Summary of STRATUS US Findings
STRATUS-US is a double-blind, placebo-controlled study, conducted in 11 clinical trial sites in the United States. The study enrolled 787 smokers who were motivated to quit, but had previously failed to do so. On average, patients enrolled in the trial were aged 42, smoked 23 cigarettes a day, had been smokers for 11-24 years and were classified as moderately to heavily nicotine-dependent based on the Fagerstrom Scale (measures nicotine dependence).
Patients received a daily fixed-dose of either 5mg or 20mg of rimonabant, or placebo. Patients were on treatment for 10 weeks. For an initial two-week period, they were allowed to smoke while initiating treatment but were given a target quit date at day 15. Abstinence was determined during the final four weeks of treatment and was measured by carbon monoxide concentrations in expired air (??10 ppm) and by plasma cotinine measurements (the principal nicotine metabolite).
Results indicate that rimonabant 20mg doubled the odds of quitting vs. placebo (p=0.002). Among patients completing the study, prolonged abstinence was significantly higher in the patients treated with 20mg of rimonabant (36.2%) when compared with patients treated placebo (20.6%). Prolonged abstinence was achieved in 20.2% of patients treated with rimonabant 5mg.
The trial also assessed weight changes in all randomized patients in the different groups and found that on average patients lost just over half a pound (0.3kg) on rimonabant 20 mg vs. a 2.5 lbs (1.1kg) weight gain for patients on placebo [p=0.001].
Further analysis of the impact of rimonabant 20mg on post-cessation weight gain shows that, overweight and obese patients lost weight during the 10-week treatment period, while normal weight smokers did not. There was no change in weight of normal weight smokers treated with rimonabant 20mg vs. a gain of 2 lbs (1kg) on placebo. Overweight smokers on rimonabant 20mg lost a pound (0.5kg) vs. a weight gain of 2lbs (0.9kg) on placebo. Obese smokers also lost just over a pound (0.6kg) vs. a weight gain of almost 3lbs (1.3kg) for those on placebo (p<0.001).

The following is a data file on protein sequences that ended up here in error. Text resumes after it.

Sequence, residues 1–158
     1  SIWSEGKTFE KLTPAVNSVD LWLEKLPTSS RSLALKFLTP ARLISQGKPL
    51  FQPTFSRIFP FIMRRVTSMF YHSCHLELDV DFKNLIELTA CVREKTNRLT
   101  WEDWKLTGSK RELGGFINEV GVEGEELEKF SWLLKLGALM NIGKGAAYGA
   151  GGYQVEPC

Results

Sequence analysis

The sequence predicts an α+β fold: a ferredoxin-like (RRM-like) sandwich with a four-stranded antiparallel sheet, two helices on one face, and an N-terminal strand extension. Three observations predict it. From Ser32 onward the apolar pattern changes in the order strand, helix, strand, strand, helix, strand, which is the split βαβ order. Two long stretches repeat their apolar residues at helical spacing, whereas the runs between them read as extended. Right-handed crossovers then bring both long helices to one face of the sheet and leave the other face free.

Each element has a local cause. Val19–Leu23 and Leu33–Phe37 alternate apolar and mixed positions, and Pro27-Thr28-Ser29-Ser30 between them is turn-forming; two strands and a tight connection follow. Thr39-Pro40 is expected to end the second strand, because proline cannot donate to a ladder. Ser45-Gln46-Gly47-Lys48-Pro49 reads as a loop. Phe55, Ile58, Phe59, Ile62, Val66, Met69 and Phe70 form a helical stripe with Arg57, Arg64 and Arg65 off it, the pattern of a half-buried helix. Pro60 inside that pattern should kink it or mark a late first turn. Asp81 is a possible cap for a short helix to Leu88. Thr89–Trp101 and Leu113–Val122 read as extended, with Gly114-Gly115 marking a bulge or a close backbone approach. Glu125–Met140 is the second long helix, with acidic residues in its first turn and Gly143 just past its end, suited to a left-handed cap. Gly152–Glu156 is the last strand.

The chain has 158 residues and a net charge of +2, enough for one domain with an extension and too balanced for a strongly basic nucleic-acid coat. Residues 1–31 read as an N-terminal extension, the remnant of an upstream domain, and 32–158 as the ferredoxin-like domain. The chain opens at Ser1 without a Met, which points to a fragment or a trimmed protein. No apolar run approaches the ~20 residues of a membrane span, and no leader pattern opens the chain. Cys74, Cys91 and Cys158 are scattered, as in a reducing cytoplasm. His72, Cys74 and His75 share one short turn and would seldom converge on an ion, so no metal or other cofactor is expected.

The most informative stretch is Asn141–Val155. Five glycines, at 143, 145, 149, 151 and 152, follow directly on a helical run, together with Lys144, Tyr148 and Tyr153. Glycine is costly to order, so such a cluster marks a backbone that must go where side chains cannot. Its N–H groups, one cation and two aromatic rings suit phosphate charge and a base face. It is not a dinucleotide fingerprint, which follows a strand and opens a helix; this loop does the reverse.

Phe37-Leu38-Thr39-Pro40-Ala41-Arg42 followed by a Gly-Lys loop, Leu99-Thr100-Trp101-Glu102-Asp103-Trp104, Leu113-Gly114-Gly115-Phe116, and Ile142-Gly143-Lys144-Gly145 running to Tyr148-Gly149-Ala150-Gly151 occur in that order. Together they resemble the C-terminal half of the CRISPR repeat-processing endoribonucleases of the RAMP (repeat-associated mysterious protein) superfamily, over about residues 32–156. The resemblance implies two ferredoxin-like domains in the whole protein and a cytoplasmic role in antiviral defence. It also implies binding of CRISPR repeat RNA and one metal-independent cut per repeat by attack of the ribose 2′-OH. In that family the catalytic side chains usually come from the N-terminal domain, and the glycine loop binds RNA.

There was no difference in the overall drop out rate between patients on rimonabant or placebo. The number experiencing side effects in the rimonabant groups were slightly higher than those in the placebo group. Side effects were mostly mild and transient. The most common side effects where incidence was higher with rimonabant 20mg than placebo were nausea (15.7% vs. 9.2%) and upper respiratory tract infection (10% vs. 5.7%). The drop out rate due to side effects was 6.9% in the rimonabant 20mg group vs. 3.8% with placebo. Importantly, no cardiovascular safety concerns were identified with rimonabant.
The STRATUS program has enrolled over 6,500 patients in three worldwide Phase III trials. The studies are designed to provide evidence supporting indications for smoking cessation and long-term abstinence as well as reduction of post-cessation weight gain. STRATUS-US is the first of the three studies to be completed and the findings of this study were presented at the American College of Cardiology annual meeting. STRATUS-EU is being conducted in 32 sites throughout Europe and has an identical protocol to STRATUS-US. STRATUS-WW is a one-year maintenance study currently underway in 54 sites worldwide. Results for STRATUS-EU and STRATUS-WW are expected in the next 12 months.
About the University of Cincinnati